This paper aims to highlight some major differences between the ethics of “self-becoming”, as it was sketched by Friedrich Nietzsche, and the so-called “aesthetics of existence”, which was developed in Michel Foucault’s late work. Although the propinquity between the two authors is a commonplace in Foucauldian exegesis, my claim is that the two projects of self-creation are dissimilar in four relevant aspects. To support my thesis I will use Foucault’s four-part ethical framework through which I will analyze each of the (...)
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  29. Exposition and Obligation: A Serresian Account of Moral Sensitivity.Bryan Lueck - 2014 - Symposium 18 (1):176-193.
    In The Troubadour of Knowledge, Michel Serres demonstrates, by means of an extended discussion of learning, that our capacity to adopt a position presupposes a kind of disorienting exposure to a dimension of pure possibility that both subtends and destabilizes that position. In this paper I trace out the implications of this insight for our understanding of obligation, especially as it is articulated in the moral philosophy of Immanuel Kant. Specifically, I argue that obligation is given along with a dimension (...)
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  30. Ethics at a Standstill.Patrick Gamez - 2008 - Symposium 12 (2):205-209.
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  31. Forging Identities and Respecting Otherness.Stephen Minister - 2005 - Symposium 9 (2):267-287.
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  32. Existentialist Thinkers and Ethics.Kevin Gray - 2007 - Symposium 11 (1):208-210.
  33. Interrogating Ethics.David Morris - 2007 - Symposium 11 (1):180-183.
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  34. On the Ethics of the Gift.Calvin O. Schrag - 2004 - Symposium 8 (2):195-212.
  35. La reiteración del inicio. Aportes para una nueva concepción del tiempo a partir de la filosofía de Emmanuel Levinas.Federico Ignacio Viola - 2016 - Franciscanum. Revista de Las Ciencias Del Espíritu 58 (165):119-143.
    En el presente artículo se intenta poner de relieve cómo la comp- rensión levinasiana del tiempo contribuye a la recuperación del valor y del sentido del instante presente, el cual ha sido menospreciado hasta nuestros días en gran parte de la tradición filosófica en tanto concebido a partir del tiempo, pensado este último como duración. Se trata así pues de pensar el sentido propio del instante en sí mismo, en cuanto momento presente, independientemente del sentido fun- cional que se le (...)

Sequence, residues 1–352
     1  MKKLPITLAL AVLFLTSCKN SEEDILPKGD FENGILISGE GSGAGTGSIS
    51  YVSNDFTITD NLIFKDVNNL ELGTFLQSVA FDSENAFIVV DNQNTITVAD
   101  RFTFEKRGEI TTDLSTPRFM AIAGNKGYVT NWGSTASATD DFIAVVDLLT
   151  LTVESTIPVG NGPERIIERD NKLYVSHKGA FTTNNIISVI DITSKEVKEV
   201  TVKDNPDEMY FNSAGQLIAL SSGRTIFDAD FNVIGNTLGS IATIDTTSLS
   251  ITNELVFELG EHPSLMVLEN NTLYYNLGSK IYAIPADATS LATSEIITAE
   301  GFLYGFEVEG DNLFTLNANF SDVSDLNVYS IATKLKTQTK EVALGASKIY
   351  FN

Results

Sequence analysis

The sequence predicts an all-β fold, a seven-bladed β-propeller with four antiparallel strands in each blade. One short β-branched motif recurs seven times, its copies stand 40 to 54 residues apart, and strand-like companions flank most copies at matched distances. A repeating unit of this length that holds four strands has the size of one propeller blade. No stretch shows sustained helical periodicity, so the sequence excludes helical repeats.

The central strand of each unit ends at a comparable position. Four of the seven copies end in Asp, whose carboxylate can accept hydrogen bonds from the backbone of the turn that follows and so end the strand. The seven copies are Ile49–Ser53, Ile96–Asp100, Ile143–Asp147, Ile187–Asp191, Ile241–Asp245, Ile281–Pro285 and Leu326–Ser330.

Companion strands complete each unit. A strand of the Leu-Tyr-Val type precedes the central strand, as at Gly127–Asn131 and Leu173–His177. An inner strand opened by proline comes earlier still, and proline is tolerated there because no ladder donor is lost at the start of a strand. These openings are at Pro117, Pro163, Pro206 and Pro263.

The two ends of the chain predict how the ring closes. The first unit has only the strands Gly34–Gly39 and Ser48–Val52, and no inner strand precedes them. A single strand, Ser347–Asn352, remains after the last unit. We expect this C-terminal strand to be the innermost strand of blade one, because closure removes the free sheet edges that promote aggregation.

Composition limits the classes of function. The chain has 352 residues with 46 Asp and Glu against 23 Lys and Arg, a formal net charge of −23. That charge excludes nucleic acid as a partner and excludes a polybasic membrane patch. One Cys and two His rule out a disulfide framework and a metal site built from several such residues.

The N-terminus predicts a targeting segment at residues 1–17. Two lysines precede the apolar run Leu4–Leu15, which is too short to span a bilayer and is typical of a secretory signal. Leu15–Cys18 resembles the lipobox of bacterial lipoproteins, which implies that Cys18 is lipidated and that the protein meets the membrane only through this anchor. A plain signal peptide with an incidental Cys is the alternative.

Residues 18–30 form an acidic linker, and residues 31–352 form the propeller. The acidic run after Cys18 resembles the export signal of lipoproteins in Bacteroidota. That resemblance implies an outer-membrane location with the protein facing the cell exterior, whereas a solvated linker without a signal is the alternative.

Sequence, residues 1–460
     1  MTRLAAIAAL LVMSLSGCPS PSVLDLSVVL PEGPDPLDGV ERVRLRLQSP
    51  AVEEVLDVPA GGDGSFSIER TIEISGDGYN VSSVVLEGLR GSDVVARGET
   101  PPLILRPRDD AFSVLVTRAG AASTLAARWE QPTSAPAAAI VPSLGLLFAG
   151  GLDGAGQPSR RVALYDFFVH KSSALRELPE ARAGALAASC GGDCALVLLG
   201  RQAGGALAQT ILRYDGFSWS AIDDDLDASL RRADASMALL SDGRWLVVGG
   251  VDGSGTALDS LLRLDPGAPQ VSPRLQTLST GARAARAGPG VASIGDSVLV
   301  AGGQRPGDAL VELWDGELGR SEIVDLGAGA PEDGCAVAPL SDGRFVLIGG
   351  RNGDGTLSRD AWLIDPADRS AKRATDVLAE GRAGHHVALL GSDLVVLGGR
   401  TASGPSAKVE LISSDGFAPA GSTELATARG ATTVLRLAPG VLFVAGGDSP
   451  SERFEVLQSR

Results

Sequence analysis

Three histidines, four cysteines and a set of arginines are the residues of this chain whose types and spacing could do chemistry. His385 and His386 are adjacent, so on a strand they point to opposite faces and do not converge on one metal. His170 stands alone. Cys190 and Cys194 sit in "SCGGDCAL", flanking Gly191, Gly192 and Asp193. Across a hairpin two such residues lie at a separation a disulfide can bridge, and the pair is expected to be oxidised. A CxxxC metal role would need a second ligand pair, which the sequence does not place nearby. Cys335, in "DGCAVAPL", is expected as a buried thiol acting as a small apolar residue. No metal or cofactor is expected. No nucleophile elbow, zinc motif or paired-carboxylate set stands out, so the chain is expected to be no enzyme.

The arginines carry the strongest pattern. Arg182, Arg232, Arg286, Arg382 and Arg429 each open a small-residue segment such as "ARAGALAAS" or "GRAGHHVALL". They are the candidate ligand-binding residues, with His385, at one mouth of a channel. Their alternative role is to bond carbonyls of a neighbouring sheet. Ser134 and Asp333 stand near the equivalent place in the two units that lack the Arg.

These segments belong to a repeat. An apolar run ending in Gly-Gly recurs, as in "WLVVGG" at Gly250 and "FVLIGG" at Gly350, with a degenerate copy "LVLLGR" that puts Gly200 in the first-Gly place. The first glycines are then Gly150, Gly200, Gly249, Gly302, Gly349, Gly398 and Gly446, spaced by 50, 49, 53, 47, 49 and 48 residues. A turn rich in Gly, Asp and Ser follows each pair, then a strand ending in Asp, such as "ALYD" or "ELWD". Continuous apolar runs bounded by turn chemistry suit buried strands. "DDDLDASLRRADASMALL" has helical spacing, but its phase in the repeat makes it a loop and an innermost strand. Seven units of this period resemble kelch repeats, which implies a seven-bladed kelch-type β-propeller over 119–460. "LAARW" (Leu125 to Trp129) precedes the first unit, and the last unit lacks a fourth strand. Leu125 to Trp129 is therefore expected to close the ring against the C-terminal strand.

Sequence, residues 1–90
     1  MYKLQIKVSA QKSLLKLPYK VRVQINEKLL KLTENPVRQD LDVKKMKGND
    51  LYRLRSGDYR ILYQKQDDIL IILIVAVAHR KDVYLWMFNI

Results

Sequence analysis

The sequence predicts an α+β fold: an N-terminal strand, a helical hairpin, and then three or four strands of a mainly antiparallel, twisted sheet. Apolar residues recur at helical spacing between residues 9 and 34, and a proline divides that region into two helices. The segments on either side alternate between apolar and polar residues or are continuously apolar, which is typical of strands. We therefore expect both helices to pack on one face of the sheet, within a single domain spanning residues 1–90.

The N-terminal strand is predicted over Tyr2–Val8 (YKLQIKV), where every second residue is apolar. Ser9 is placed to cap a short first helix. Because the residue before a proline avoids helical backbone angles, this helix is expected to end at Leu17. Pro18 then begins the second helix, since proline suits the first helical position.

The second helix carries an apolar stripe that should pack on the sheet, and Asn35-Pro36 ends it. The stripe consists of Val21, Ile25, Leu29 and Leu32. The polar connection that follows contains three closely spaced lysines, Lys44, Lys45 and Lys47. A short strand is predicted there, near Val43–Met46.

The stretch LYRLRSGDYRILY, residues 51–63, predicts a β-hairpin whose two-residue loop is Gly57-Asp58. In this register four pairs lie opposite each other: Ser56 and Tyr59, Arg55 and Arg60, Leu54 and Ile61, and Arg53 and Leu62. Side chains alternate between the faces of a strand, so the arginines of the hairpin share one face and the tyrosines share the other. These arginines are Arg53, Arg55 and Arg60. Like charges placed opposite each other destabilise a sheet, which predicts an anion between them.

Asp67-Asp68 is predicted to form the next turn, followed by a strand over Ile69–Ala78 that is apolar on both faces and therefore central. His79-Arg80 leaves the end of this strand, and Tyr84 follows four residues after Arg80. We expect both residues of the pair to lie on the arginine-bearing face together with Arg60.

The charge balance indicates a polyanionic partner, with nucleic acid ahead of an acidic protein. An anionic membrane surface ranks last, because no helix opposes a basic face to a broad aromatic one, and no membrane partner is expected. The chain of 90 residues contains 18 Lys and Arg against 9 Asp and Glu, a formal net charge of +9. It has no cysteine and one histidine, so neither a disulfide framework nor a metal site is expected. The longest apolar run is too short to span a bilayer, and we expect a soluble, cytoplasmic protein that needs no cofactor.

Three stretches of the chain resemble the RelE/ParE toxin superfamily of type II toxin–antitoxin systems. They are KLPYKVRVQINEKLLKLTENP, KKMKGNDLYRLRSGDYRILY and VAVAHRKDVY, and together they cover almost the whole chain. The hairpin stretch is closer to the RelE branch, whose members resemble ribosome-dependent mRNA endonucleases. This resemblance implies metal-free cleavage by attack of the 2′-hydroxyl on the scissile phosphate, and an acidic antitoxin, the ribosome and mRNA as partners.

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  36. A Fact, As It Were: Obligation, Indifference, and the Question of Ethics.Bryan Lueck - 2016 - Epoché: A Journal for the History of Philosophy 21 (1):219-234.
    According to Immanuel Kant, the objective validity of obligation is given as a fact of reason, which forces itself upon us and which requires no deduction of the kind that he had provided for the categories in the Critique of Pure Reason. This fact grounds a moral philosophy that treats obligation as a good that trumps all others and that presents the moral subject as radically responsible, singled out by an imperatival address. Based on conceptions of indifference and facticity that (...)
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  37. Communication and Communicability: The Problem of Dignity in Agamben's Remnants of Auschwitz.Bryan Lueck - 2015 - Semiotics 2014:543-553.
  38. Punishment, Desert, and Equality: A Levinasian Analysis.Benjamin S. Yost - 2015 - In Lisa Guenther, Geoffrey Adelsberg & Zeman Scott (eds.), Death and Other Penalties: Philosophy in a Time of Mass Incarceration. Fordham UP.
    The first part of this chapter defends the claim that the over-incarceration of disadvantaged social groups is unjust. Many arguments for penal reform are based on the unequal distribution of punishment, most notably disproportionate punishment of the poor and people of color. However, some philosophers use a noncomparative conception of desert to argue that the justice of punishment is independent of its distribution. On this view, which has significant influence in 14th Amendment jurisprudence, unequal punishment is not unjust. After detailing (...)
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  39. Dignity at the Limit: Jean-Luc Nancy on the Possibility of Incommensurable Worth.Bryan Lueck - 2016 - Continental Philosophy Review 49 (3):309-323.
    Dignity, according to some recent arguments, is a useless concept, giving vague expression to moral intuitions that are better captured by other, better defined concepts. In this paper, I defend the concept of dignity against such skeptical arguments. I begin with a description of the defining features of the Kantian conception of dignity. I then examine one of the strongest arguments against that conception, advanced by Arthur Schopenhauer in On the Basis of Morality. After considering some standard accounts of dignity, (...)